Our ten-person business still costs $25,000 a week. Our break-even is still at $2,500 per week per person. Now let’s set our hourly rate at $150 per hour. This means that each person has to work just under 17 billable hours per week for the business to break even. If everyone bills 30 hours in a week, the business will now bring in $45,000—or $20,000 in profit. That’s 80 percent of a week’s overhead.

That scenario seems a whole lot more sustainable—a good week now pays for itself, and brings in 80 percent of the next week’s overhead. With that kind of ratio we could, like a hungry bear before hibernation, start saving up to protect ourselves from less prosperous times in the future.

Nature metaphors aside, once we know how these parts work, we can figure out any one component by setting the others and running the numbers. In other words, we don’t just have to see how a specific hourly rate changes profit. We can go the other way, too.

Working for a living or living to work#section5

One way to determine your system is to start with desired salaries and reasonable work hours for your culture, and work backwards to your hourly rate. Then you can start thinking about pricing systems (yes, even fixed price or value-based systems) that let you achieve that effective rate.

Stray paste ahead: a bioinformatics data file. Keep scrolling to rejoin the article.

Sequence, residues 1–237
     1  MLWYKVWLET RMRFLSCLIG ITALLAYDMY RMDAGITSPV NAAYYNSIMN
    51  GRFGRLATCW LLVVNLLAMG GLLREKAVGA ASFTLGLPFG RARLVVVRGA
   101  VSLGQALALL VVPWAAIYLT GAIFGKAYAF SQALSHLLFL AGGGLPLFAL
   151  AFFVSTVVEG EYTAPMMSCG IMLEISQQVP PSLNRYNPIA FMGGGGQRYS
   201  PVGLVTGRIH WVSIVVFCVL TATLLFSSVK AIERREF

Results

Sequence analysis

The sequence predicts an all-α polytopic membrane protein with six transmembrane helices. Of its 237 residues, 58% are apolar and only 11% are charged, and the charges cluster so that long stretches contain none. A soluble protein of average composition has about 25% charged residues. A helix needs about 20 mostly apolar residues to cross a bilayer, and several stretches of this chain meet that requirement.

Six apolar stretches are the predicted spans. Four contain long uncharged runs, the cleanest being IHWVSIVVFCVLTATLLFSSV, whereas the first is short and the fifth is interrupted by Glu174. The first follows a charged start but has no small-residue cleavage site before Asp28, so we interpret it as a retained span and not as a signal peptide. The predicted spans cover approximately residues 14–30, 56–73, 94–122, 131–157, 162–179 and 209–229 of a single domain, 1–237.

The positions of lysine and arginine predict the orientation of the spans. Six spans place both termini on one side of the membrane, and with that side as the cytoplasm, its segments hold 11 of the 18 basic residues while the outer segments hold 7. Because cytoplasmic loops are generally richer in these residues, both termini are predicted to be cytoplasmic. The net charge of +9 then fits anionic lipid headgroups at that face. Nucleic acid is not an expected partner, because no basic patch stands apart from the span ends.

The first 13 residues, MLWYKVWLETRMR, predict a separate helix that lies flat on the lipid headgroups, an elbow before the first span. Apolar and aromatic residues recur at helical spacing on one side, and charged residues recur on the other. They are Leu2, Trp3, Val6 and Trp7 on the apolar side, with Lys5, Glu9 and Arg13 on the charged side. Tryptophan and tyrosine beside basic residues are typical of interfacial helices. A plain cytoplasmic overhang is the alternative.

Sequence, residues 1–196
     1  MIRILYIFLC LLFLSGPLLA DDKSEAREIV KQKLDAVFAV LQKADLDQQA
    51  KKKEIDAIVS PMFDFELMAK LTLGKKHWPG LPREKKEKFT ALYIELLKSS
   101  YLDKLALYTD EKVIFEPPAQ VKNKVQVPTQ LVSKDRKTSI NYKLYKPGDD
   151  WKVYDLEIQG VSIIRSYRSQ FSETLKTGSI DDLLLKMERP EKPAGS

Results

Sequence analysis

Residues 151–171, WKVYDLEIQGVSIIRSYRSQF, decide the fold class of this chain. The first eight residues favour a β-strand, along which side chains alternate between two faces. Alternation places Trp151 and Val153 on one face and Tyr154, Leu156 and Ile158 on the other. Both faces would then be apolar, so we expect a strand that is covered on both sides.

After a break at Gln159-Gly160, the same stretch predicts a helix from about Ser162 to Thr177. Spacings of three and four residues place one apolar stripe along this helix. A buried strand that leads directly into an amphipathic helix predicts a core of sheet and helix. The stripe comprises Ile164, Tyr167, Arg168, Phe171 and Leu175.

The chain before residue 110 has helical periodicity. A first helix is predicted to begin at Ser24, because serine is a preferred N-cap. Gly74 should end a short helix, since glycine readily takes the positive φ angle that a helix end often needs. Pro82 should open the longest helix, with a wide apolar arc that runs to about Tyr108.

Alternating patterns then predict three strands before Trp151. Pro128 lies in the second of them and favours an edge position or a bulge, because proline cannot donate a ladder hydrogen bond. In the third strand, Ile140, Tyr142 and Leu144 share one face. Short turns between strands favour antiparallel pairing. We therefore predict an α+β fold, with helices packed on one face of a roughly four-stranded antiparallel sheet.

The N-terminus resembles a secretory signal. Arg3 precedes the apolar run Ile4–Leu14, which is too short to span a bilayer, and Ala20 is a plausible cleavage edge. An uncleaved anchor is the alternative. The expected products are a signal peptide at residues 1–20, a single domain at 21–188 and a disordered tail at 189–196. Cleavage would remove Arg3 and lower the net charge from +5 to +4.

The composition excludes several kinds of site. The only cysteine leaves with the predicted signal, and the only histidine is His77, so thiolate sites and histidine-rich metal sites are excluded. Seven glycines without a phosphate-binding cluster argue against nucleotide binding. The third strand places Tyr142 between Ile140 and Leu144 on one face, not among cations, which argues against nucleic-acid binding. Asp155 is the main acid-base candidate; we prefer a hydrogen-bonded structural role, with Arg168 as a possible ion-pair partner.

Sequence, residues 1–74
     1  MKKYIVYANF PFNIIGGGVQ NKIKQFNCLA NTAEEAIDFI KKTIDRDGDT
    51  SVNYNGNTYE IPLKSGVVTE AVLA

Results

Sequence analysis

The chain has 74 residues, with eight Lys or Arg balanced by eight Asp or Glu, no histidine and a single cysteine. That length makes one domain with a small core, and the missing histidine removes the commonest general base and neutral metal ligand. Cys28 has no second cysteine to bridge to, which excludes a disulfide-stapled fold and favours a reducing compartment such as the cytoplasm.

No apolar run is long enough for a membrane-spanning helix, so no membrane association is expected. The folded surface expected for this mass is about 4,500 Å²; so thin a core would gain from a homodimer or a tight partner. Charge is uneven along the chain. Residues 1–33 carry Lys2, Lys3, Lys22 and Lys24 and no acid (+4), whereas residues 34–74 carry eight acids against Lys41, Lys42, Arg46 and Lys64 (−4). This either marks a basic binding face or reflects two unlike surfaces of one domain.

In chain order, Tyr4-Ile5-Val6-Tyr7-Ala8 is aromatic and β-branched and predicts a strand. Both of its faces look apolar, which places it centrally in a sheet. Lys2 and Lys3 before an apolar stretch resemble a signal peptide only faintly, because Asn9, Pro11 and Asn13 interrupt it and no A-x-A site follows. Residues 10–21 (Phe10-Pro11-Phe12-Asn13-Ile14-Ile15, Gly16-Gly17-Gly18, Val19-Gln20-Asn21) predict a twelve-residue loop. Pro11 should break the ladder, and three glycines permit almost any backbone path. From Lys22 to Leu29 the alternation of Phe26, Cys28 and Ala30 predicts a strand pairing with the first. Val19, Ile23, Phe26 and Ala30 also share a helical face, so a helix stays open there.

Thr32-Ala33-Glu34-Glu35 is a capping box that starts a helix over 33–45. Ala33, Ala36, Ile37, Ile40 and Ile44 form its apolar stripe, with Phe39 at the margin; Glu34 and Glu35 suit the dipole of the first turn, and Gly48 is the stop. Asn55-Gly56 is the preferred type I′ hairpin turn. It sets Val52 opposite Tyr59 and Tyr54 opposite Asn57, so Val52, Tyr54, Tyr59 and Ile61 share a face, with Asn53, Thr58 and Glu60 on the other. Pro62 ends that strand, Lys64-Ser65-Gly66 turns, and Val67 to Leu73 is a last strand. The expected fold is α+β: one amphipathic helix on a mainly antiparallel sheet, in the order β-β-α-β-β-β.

Maybe time is the most important factor for you. How much can everyone work? How much does everyone want to work? How much must you then charge for that time to end up with salaries you can be content with?

This is, in part, a lifestyle question. At Bearded, we sat down not too long ago and did an exercise adapted from an IA exercise we learned from Kevin M. Hoffman. We all contributed potential qualities that were important to our business—things like “high quality of life,” “high quality of work,” “profitable,” “flexible,” “clients who do good in the world,” “efficient,” and “collaborative.” As a group we ordered those qualities by importance, and decided we’d let those priorities guide us for the next year, at which point we’d reassess.

That exercise really helped us make decisions about things like what rate we needed to charge, how many hours a week we wanted to work, as well as more squishy topics like what kinds of clients we wanted to work for and what kind of work we wanted to do. Though finances can seem like purely quantitative math, that sort of qualitative exercise ended up significantly informing how we plugged numbers into the profit equation.